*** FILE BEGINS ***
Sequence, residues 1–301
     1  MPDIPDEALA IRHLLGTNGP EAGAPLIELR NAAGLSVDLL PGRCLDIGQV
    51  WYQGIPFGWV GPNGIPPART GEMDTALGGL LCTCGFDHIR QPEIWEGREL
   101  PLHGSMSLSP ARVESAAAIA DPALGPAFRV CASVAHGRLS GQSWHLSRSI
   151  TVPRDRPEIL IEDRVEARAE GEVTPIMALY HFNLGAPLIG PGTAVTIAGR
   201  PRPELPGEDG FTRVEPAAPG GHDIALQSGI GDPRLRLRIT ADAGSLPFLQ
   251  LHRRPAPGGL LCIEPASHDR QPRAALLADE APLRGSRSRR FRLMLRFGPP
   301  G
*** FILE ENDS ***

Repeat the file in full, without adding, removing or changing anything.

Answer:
Sequence, residues 1–301
     1  MPDIPDEALA IRHLLGTNGP EAGAPLIELR NAAGLSVDLL PGRCLDIGQV
    51  WYQGIPFGWV GPNGIPPART GEMDTALGGL LCTCGFDHIR QPEIWEGREL
   101  PLHGSMSLSP ARVESAAAIA DPALGPAFRV CASVAHGRLS GQSWHLSRSI
   151  TVPRDRPEIL IEDRVEARAE GEVTPIMALY HFNLGAPLIG PGTAVTIAGR
   201  PRPELPGEDG FTRVEPAAPG GHDIALQSGI GDPRLRLRIT ADAGSLPFLQ
   251  LHRRPAPGGL LCIEPASHDR QPRAALLADE APLRGSRSRR FRLMLRFGPP
   301  G